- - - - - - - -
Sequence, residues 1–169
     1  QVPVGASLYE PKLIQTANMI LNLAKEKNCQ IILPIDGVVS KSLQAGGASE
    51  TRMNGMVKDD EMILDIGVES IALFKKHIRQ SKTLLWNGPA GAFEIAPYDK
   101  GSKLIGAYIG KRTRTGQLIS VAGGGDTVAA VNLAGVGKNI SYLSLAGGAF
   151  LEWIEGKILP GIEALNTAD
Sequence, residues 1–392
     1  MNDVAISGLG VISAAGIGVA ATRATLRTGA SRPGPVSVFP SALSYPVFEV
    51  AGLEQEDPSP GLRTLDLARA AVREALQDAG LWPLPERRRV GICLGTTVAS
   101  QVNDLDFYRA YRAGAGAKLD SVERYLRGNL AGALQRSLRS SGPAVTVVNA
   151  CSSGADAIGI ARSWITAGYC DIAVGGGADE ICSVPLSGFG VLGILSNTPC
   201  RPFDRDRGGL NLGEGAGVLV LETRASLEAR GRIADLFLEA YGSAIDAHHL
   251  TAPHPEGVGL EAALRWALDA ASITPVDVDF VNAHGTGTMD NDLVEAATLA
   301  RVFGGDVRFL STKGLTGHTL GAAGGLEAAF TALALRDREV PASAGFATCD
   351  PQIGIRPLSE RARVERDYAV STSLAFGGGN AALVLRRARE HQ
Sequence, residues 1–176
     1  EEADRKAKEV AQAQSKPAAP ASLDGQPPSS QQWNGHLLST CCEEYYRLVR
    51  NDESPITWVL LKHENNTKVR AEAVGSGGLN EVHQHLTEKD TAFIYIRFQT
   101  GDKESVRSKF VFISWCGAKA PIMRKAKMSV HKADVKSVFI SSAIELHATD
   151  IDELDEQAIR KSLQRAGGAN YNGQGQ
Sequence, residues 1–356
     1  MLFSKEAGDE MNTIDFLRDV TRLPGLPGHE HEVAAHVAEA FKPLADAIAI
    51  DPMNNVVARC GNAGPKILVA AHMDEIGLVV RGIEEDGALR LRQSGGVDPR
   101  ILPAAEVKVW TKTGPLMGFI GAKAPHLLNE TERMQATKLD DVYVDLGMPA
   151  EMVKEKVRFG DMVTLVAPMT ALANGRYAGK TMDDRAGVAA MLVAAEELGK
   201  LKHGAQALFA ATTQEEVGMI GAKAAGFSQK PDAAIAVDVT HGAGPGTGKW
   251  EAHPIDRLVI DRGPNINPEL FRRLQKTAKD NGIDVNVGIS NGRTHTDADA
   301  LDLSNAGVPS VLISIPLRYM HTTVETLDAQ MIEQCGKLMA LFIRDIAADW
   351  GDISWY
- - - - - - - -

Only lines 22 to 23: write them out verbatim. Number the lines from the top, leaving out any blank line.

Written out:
    51  DPMNNVVARC GNAGPKILVA AHMDEIGLVV RGIEEDGALR LRQSGGVDPR
   101  ILPAAEVKVW TKTGPLMGFI GAKAPHLLNE TERMQATKLD DVYVDLGMPA